The five US states along the could lose 22.7 billion dollars in tourist revenue over the next three years because of the spill, a study showed.

A vast swath of the Gulf has also been closed to commercial and sport fishing since the BP-leased Deepwater Horizon rig sank on April 22, two days after an explosion that killed 11 workers.

But US officials reopened one third of those fishing grounds after no oil was seen in the area for 30 days and tests revealed the fish there were not contaminated.

Oil industry jobs have also been hit by President Barack Obama's decision to impose a moratorium on new deep-sea drilling.

If an upper estimate of over four million barrels is confirmed, the Gulf spill would be the biggest accidental oil spill ever.

Explore further: Does it help conservation to put a price on nature?

add to favorites email to friend print save as pdf

Related Stories

Storm threatens BP efforts to plug Gulf well

Jul 22, 2010

The threat of a new tropical storm forced crews to make preparations to protect the damaged Gulf of Mexico oil well, which could delay plans to permanently seal the leak that led to the environmental disaster.

BP to place new containment cap on oil spill

Jul 10, 2010

Energy giant BP was expected to begin a new effort Saturday to contain a Gulf of Mexico oil spill by placing a better cap over the gushing well in hopes to stop the flow of oil completely.

Storm theatens Gulf of Mexico oil spill clean-up

Jun 26, 2010

Potentially dangerous Tropical Storm Alex, which experts say could complicate the Gulf of Mexico oil spill clean-up, has formed in the Caribbean Sea, US forecasters said on Saturday.

BP cuts off broken oil pipe with giant shears

Jun 03, 2010

BP on Thursday successfully cut off a fractured oil pipe using giant shears, pressing ahead with its latest bid to seal the Gulf of Mexico leak as President Barack Obama announced a third trip to the region.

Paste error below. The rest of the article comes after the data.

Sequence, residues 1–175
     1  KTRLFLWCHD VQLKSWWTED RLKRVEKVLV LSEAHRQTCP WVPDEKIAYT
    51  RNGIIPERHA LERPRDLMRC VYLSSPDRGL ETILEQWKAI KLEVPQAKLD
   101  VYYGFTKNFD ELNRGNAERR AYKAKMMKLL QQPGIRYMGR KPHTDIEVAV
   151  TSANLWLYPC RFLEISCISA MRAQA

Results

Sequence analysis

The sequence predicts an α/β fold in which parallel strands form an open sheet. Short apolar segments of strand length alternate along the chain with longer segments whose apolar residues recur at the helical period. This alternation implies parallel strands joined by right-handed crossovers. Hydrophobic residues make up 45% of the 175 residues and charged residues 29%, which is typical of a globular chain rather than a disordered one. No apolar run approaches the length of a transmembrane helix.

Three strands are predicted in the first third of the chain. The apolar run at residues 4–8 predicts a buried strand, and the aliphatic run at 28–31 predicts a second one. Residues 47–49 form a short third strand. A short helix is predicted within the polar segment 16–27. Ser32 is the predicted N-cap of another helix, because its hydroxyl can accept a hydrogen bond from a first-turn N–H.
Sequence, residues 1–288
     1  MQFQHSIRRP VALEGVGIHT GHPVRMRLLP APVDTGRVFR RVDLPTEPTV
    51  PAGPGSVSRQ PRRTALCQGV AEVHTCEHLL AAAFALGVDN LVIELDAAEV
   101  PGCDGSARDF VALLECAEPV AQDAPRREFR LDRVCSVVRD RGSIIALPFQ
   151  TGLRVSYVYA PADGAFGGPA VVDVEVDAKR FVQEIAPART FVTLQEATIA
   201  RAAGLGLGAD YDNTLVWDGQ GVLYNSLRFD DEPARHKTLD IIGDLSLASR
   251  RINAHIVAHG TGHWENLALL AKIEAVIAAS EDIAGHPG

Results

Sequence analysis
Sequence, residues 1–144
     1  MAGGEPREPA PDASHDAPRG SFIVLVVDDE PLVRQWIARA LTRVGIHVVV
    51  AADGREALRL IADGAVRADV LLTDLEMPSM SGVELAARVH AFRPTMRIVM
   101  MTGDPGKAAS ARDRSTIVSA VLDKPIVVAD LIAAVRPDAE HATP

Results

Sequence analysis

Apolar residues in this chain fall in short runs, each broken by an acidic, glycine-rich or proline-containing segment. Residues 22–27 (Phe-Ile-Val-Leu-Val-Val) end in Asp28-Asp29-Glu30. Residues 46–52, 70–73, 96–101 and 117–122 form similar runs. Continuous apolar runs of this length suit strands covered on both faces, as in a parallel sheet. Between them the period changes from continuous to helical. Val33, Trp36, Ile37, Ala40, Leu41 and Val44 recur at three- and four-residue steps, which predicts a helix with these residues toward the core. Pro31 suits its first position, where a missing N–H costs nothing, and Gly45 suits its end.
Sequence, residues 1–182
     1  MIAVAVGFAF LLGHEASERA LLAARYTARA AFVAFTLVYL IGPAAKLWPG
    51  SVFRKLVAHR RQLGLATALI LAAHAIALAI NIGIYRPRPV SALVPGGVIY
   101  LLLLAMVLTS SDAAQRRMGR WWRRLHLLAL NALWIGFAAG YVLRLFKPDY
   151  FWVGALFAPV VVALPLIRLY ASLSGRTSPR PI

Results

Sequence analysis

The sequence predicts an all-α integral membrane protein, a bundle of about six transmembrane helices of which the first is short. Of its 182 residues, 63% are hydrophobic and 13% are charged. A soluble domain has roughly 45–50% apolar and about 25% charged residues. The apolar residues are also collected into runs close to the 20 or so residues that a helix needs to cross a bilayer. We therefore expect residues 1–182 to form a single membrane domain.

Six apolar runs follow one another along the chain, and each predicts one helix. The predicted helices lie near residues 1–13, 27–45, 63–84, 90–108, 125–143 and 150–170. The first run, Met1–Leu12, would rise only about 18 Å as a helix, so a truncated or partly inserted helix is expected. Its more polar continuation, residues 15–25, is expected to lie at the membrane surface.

US oil spill clean-up resumes after storm

Jul 04, 2010

Clean-up work gathered speed in some areas of the Gulf of Mexico oil spill Sunday, but heavy swells kept many boats docked, halting efforts to fight the ecological disaster.

Saw stuck in ruptured Gulf oil pipe: official

Jun 02, 2010

BP's latest effort to stem the oil spewing from a ruptured well a mile (1.6 kilometers) deep in the Gulf of Mexico hit a setback when a saw snagged while cutting a riser pipe, officials said Wednesday.

Recommended for you

Does it help conservation to put a price on nature?

2 minutes ago

Putting a price on the services which a particular ecosystem provides may encourage the adoption of greener policies, but it may come at the price of biodiversity conservation. Writing today in the journal ...

Reef-builders with a sense of harmony

1 hour ago

Cold-water corals of the species Lophelia pertusa are able to fuse skeletons of genetically distinct individuals. On dives with JAGO, a research submersible stationed at GEOMAR Helmholtz Centre for Ocean Research Kiel, scientists ...

Selling and buying water rights

6 hours ago

Trying to sell or buy water rights can be a complicated exercise. First, it takes time and effort for buyers and sellers to find each other, a process that often relies on word-of-mouth, local bulletin boards, ...

User comments : 0

Please sign in to add a comment. Registration is free, and takes less than a minute. Read more

Click here to reset your password.
Sign in to get notified via email when new comments are made.